Among the many uses of 3D printing and additive manufacturing is that of creating objects and devices that may be used to protect humans and animals from radiation. The versatility of 3D printing and additive manufacturing allows many different high-performing feedstocks to be used. Some feedstocks are now available with material suitable to print forms and parts that shield against radiation.
Zortrax, a Polish developer of 3D printing solutions has built a strong position in the global market of 3D desktop printers which includes an offering of filaments that has been proven as successful as a material to be used in creating objects that resist radiation.
Z-PEEK is a very strong polymer that has a strength to weight ratio that's quite desirable and by some measures is comparable to stainless steel. It also has exceptional thermal properties - which can be important for different applications where such stresses maybe placed upon the material and objects that it is used in.
The material is said it withstand thermal cycling in vacuum chambers used for such specialized applications as space qualification tests and in radiation environments. The material has been tested in over 22 million cycles and shows much promise. It's resistant to radiation and is also claimed to withstand over 46 months of exposure to low earth orbit environment without shielding.
3D Printed Parts are Already Being used in Power Plants
Other applications of radiation resistant 3D printed parts have been developed by the firm Siemens. They have achieved somewhat of a breakthrough with one of the first successful commercial installations in a continuous safe and effective operation of a 3D printed part in a nuclear power plant.
Nuclear power plants are unique in that materials in their equipment in plant as well as other fixtures are subject to radiation from the elements that power the nuclear reactor. Because of the stringent safety and reliability requirements that the nuclear sector imposes it's quite important for a nuclear power plant operator to achieve sufficient materials and parts that can withstand such a harsh environment.
Specifically in the case of Siemens the replacement part was for the KRSKO Nuclear Power Plant in Slovenia. The part is a metallic 108-millimeter diameter impeller for a fire protection pump. The pump is a piece of rotating equipment that is continuously operating. The purpose of the pump is to provide water pressure to be used in the event of a fire at the power plant.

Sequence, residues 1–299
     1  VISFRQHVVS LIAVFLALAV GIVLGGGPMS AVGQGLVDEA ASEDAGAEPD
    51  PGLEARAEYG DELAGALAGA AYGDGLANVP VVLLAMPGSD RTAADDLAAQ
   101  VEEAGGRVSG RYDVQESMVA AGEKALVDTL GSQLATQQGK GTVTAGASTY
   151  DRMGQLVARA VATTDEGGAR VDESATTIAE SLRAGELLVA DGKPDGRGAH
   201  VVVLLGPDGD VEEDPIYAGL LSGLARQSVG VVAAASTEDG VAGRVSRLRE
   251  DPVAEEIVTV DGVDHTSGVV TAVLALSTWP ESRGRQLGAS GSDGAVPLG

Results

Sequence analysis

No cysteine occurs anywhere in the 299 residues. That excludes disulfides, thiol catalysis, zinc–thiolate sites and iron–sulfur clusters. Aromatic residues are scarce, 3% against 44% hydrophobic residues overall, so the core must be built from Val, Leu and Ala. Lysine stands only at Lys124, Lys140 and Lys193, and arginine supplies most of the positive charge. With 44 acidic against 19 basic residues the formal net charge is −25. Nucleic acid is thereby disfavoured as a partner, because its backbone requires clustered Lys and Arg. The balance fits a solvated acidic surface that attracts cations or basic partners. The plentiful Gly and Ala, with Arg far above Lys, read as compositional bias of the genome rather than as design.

Originally the impeller had been in operation since 1981 and the impeller part was obsolete as the manufacturer was no longer in business. Therefore, the part was reverse engineered and had to be fabricated by some other means as a replacement part due to long cycles of wear. Engineers at the plant were able to reproduce the part using 3D printing and with material that was sufficient to resist radiation in a nuclear environment at the KRSKO Nuclear Power Plant. Not only was the material radiation resistant but it also was quite durable and is expected to extend the full life expectancy of the pump.
Using Boron Carbine Composite Filaments
In another example Swedish 3D printing company Additive Composite and Add North 3D developed and released a boron carbide composite filament. Filament suitable for radiation shielding applications. It was found that this material was available under the name Addbor N25. It's made up of boron carbide and a co-polyamide matrix.
Boron carbide is one of the hardest known materials and has consequently been used for many extreme applications which includes tank armor and bulletproof vests. The material used was quite suitable for radiation as it had a very high neutron absorption which was essential for it to be effective as a radiation shield. Subsequently the material has been adopted in the nuclear industry because of its radiation shielding properties.
Producing Shields for Patients Undergoing Radiation Therapy
Brigham and Women's Hospital, Dana-Farber Cancer Institute, Massachusetts General Hospital and MIT collaborated to develop a personalized, 3D-printed device intended to shield patients who are undergoing radiation therapy and prevent radiation-induced toxicity.
According to James Byrne, MD, PhD, a postdoctoral researcher in the Traverso lab at the Brigham and MIT and a senior resident physician in Radiation Oncology at Brigham, MGH, and Dana-Farber Cancer Institute, , along with his colleagues tested many materials to construct the radio-protective shields. The team used CT scans from patients and created designs unique to individual patients using 3D-printing. They tested the shields in rats and pigs.
Researchers found the shields could protect healthy tissue in both species. In simulations of human patients, the team estimated that their device "could reduce radiation to areas in the mouth by 30 percent for head and neck cancer patients, and in the gastrointestinal tract by 15 percent in prostate cancer patients, without reducing radiation dose to the tumor."
These examples all point to the advancement of 3D printing and the materials it uses to create products, objects, and forms that are not just ordinary ones, but highly engineered from materials with unique qualities. In these examples, such qualities are used for ration shielding. The fact that they can be fabricated only gives reason to believe that 3d printing can be expected to be a valuable means of fabrication for the most advanced products with unique and special properties.